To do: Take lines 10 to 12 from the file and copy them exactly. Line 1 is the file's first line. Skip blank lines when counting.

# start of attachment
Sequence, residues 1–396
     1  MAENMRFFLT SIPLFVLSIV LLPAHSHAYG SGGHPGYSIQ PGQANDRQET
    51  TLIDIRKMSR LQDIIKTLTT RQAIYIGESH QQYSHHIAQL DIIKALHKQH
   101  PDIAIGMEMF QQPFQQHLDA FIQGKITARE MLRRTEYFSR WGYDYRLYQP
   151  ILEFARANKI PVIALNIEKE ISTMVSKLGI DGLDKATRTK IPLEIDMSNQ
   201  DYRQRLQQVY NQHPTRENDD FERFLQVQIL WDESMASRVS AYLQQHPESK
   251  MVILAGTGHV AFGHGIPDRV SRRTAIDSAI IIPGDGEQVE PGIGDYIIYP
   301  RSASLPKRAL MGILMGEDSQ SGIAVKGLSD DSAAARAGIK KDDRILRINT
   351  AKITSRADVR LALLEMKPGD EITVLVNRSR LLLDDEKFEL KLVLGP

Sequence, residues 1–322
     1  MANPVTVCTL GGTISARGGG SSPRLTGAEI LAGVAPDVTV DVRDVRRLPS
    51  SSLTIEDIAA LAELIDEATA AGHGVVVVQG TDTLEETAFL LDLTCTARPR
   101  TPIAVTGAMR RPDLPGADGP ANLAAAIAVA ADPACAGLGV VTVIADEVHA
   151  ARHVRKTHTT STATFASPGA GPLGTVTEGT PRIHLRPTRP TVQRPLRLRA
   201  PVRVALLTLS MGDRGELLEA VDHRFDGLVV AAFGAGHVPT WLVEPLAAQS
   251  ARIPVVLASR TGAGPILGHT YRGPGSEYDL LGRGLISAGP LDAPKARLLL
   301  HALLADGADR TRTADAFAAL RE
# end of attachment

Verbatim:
Sequence, residues 1–322
     1  MANPVTVCTL GGTISARGGG SSPRLTGAEI LAGVAPDVTV DVRDVRRLPS
    51  SSLTIEDIAA LAELIDEATA AGHGVVVVQG TDTLEETAFL LDLTCTARPR